Vail Daily column: What happened to ‘Happy Valley’?
Ryan Summerlin May 13, 2014
Many of us often jokingly refer to our adopted home as “Happy Valley.” Last week’s events proved just how happy a place this is, really. Most of the time.
Last week started, of course, with the shocking news that a 13-year-old boy in Gypsum had been arrested, accused of murder in the shooting death of his father, Joseph Kelly. Many of us know the family; no one had any inkling that such tragedy could befall them.
The end of the week brought an equally bizarre incident, in which a Montrose County man, a convicted killer who was again facing charges of a violent crime in a drive-by shooting in Mesa County, apparently shot and gravely wounded Trooper Eugene Hofacker, a Colorado State Patrol officer assigned to the Eagle-Vail station for the past few years. A fellow trooper from Eagle-Vail, Shane Gosnell, happened to be riding with Hofacker at the time he was shot. Gosnell returned fire, killing the suspect, Thomas Ornelas.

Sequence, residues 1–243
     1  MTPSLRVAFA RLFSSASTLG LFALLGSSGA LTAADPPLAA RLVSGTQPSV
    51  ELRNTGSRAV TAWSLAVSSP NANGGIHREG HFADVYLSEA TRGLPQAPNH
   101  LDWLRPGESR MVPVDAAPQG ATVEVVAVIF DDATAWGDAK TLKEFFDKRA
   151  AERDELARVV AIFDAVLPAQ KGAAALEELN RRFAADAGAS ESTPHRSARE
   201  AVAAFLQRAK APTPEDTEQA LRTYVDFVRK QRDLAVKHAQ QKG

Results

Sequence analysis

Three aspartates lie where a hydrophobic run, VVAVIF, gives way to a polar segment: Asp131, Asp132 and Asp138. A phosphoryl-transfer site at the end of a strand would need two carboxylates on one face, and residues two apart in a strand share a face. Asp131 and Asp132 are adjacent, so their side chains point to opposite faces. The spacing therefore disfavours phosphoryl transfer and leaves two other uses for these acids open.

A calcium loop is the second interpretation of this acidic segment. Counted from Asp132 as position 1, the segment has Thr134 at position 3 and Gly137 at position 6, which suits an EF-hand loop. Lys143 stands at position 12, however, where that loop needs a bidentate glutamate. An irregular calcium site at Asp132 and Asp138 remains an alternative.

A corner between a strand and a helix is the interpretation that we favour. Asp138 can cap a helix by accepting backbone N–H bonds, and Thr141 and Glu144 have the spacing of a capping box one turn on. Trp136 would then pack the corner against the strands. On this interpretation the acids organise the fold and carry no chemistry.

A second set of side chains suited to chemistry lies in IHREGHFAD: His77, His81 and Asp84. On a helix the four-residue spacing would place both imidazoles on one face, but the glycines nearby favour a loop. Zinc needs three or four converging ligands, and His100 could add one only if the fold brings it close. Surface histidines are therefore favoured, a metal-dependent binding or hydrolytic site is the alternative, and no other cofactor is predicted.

“This isn’t why we moved here,” has been a frequent refrain over the past few days, and rightly so. We live in an extraordinarily safe place by the standards of pretty much anywhere else in the world. Violence of this nature is as foreign to us as snow in the desert. We’re stunned when we see it.
Of course, most of us moved here for the snow, but big snow last weekend — which brought as much as 30 inches to parts of northwestern Colorado — was another “what’s up with that?” moment.
The human violence, along with nature’s latest hissy fit, reminds us that life, even in Happy Valley, can be uncertain.
On the human side, it’s easy to forget that Interstate 70 brings untold weirdness through the valley every day. Once in a great while, some of those weirdos happen to linger here for a time, with unknown, and — very rarely — horrifying results.
We’re also rarely reminded of the frailty of some people from whom we least expect the awful.
The people here at the Vail Daily grapple with these things, too. We’re as baffled as anyone by the kind of violence we’ve seen recently. And, like you, we’re ready for another long, long stretch when arguing about what to call spring is what passes for controversy in (usually) Happy Valley. That, and some warmer weather.